Update: Slow Burn Workout Goes Well On My Fat Fast

Slow Burn Workout Goes Well On My Fat FastI wrote yesterday about my fat fast.  I have an update:

My Slow Burn Workout

After finishing and posting the article, I did my Slow Burn workout. For those of you who don’t know, Slow Burn is a form of resistance training where you lift very heavyweight very slowly.

How heavy?  Fred Hahn says you shouldn’t be able to continue each Slow Burn exercise for more than 90 seconds before reaching total muscle failure, or as he prefers to call it, “muscle success.”  You lift the weight extremely slowly.  This prevents you from using momentum, making it a whole lot harder.  And since you’re not whipping the weight around, you can lift very heavy without risking injury.

Here’s the thing that was really interesting me:  Common wisdom says that while aerobic exercise like walking, dancing, or swimming can be fueled by free fatty acids, anaerobic exercise, like heavy weight lifting, requires glucose.   I felt fine going into my Slow Burn workout but was prepared to discover that I just couldn’t lift as well while in deep ketosis of a fat fast.

Hah.  I had a great Slow Burn Workout.  I increased my reps on a few exercises, and my weight on a couple of others. (That Nice Boy I Married and I do Slow Burn on a Total Gym, and think it’s great.  Because of the efficiency of the Total Gym, our Slow Burn workout consists of just 8 exercises to get every muscle group in the body.  Cool stuff.)  I felt strong and energetic.  Don’t even hurt much today.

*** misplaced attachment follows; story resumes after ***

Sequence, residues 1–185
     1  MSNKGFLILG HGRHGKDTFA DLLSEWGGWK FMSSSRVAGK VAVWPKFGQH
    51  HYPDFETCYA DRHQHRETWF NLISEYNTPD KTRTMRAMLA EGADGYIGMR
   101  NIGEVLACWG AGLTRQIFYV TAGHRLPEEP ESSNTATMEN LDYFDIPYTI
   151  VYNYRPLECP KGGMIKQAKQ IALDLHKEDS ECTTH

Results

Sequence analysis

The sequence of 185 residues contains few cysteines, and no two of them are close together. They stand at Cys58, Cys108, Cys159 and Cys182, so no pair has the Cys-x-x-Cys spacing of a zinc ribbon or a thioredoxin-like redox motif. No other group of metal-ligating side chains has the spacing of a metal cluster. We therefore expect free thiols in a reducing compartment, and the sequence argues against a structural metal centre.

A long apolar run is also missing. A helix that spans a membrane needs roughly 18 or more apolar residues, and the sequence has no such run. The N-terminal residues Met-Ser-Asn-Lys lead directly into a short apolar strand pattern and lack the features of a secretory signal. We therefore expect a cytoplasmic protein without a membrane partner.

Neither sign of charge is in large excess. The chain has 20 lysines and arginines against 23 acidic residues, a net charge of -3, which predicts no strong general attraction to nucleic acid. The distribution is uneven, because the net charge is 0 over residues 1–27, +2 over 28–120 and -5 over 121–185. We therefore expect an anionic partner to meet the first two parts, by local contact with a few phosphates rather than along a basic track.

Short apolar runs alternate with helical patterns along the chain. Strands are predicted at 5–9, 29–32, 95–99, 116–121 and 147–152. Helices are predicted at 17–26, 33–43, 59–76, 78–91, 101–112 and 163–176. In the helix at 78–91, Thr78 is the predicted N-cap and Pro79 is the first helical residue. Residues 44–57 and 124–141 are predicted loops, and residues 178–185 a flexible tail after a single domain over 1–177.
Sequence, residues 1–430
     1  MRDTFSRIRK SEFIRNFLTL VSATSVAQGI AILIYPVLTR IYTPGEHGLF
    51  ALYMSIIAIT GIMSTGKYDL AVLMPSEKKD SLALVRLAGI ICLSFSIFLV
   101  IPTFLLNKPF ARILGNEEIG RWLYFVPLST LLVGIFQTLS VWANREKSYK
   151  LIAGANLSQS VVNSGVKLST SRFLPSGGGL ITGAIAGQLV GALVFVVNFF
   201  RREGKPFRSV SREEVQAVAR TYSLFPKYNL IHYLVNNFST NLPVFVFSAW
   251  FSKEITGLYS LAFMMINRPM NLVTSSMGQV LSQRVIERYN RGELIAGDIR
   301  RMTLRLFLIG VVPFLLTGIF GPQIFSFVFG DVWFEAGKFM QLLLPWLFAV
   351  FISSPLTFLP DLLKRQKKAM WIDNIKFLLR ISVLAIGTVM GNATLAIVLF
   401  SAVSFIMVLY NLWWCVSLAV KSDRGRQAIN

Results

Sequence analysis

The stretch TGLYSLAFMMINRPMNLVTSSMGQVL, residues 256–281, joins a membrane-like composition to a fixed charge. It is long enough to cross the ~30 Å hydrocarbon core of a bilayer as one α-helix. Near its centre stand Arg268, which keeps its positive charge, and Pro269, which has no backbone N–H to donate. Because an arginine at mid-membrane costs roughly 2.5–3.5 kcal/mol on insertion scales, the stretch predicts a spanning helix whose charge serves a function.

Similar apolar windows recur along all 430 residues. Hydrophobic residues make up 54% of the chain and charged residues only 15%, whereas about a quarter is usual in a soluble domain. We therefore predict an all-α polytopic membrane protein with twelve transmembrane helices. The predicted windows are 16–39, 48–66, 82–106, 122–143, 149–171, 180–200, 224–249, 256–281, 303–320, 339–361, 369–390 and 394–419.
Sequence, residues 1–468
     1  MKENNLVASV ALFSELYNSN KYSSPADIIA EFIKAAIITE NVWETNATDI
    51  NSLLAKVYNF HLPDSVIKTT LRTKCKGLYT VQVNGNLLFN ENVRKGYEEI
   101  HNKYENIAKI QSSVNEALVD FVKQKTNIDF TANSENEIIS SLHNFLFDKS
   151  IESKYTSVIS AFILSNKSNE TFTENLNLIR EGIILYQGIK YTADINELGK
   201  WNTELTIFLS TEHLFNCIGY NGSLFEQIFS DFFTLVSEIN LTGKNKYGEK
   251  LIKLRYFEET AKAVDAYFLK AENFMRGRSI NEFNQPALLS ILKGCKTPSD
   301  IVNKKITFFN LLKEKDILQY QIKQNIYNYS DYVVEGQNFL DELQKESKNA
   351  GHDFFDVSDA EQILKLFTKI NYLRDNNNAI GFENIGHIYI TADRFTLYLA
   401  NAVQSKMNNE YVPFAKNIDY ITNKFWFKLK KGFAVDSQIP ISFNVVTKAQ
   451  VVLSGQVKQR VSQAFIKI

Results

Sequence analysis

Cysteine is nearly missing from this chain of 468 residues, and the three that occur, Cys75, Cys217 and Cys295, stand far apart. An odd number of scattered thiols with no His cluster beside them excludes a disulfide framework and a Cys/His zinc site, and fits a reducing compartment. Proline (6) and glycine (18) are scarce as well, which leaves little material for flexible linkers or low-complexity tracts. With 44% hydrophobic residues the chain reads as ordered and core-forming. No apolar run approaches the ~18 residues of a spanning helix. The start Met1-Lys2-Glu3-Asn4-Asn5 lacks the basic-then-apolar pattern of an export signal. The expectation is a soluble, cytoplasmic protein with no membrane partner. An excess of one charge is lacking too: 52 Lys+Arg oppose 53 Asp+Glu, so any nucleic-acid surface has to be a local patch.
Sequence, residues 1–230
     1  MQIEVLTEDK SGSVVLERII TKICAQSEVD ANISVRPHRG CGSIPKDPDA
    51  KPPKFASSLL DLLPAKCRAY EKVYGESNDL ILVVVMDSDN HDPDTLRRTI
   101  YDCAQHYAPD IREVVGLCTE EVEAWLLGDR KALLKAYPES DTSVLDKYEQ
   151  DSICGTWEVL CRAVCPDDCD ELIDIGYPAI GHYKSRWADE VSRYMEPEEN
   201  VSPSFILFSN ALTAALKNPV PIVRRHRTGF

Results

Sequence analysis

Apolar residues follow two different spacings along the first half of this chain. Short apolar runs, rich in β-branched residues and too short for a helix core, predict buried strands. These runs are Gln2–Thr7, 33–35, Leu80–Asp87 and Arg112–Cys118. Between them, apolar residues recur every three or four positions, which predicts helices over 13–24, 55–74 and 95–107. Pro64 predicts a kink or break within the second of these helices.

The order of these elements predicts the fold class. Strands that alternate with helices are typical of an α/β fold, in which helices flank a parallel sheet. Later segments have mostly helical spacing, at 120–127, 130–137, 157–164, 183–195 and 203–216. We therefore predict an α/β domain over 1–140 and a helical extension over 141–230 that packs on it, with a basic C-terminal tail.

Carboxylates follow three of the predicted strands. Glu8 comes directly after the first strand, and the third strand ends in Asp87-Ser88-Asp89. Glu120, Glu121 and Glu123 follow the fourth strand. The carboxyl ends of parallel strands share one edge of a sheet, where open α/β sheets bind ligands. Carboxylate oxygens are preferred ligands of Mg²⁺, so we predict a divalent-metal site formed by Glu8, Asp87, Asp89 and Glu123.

I am bemused.  The Anatomy and Physiology text up there on my shelf says that anaerobic activity must be fueled by glucose.  My blood sugar wasn’t running low — it’s been hanging in the mid-70s to mid-80s during my fat fast — but I sure didn’t have a whole lot of glucose to spare.  I took a reading right after my workout;  it was 76, so I hadn’t used up all my available sugar.  I have no idea what’s going on here, but I’m gratified.  I also intend to pick the brains of some more knowledgeable people than I (I’m looking at you, Fred Hahn) to get an answer to this conundrum.

The important message is this:  I did strength training during my fat fast, and it went very well indeed.

Geez, what else am I wrong about?

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  1. Fred says to tell you that what I really mean by “heavy weight” is enough weight that I reach total muscle failure — uh, I mean, success — within 50-90 seconds.

    Practically speaking on the Total Gym, I increase resistance if I can do more than 7 reps. But if I can’t do at least 3-4, I reduce resistance.

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